The technical term for the environmental nightmare that is unfolding in front of us is “acid mine drainage.” Acid mine drainage has plagued mine sites from Pennsylvania to El Salvador for centuries. Mining expert Robert Goodland stresses that some communities near ancient Roman mines in England and Spain continue to suffer the effects of acid mine drainage over 2,000 years after the mines were closed. And remediation—or “clean up”—is technically and financially challenging. As a local college student who has studied the situation here explains: even if the funding were available, “we wouldn’t be able to clean this up even in 100 years.”
We spend the next day with Father Lorenzo, a handsome man in his early forties with an easy, dimpled smile, who is the priest from the nearby city of Santa Rosa de Lima. Father Lorenzo leads us up the mountain to the site where Commerce Group mined. On the way, we walk by homes built on land covered by finely crushed rocks, or “tailings”—what remains when the mining companies use cyanide to separate the gold from the surrounding rock. We walk on roads and paths built from the tailings.
As with the water, so too “this land is heavily contaminated,” Father Lorenzo sighs. In the words of a local man whose father worked for Commerce Group: large-scale mining involved “making a pact with the devil.”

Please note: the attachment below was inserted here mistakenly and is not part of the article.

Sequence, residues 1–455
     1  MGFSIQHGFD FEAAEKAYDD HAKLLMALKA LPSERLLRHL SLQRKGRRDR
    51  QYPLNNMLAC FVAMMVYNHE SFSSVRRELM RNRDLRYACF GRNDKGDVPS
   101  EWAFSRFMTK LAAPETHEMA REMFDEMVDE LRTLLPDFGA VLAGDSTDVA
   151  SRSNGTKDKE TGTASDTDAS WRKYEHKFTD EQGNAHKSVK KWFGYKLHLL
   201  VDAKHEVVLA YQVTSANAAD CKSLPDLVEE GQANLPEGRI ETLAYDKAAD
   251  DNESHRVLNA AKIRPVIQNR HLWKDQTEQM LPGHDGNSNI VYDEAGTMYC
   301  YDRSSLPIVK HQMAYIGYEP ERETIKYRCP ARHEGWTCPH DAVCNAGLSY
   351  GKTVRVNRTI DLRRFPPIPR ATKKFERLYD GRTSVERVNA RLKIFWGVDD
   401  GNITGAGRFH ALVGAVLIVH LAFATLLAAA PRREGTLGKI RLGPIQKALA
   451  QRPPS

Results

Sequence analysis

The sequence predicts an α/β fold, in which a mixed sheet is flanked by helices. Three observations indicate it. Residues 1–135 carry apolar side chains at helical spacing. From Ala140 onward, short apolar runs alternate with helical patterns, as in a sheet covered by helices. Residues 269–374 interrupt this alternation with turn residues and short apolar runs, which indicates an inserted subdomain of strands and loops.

Near the top of the mountain, we enter the mines: jagged holes carved into the mountainside, with piles of rock below, here and there a glint suggesting the ore that lies within. It is not hard to figure out where Fr. Lorenzo now stands in terms of mining: a dramatic mural outside his church depicts a denuded landscape darkened by mining. But, we ask, how did Father Lorenzo and the community discover that the mountain we are standing on was a toxic nightmare?
He starts by saying that he was not always against mining; indeed, his father was a miner in a nearby area. But then, 11 years ago, he was assigned to this parish and he and others noted San Sebastian’s high incidence of kidney failure, cancer, skin problems and nervous system disorders: “My first clue [about what was wrong] was that I would visit farms in this community, and I would wash my hands and notice that there were no suds from the soap. The water was too acidic to make suds. This is how we made the link between the mining and the water.”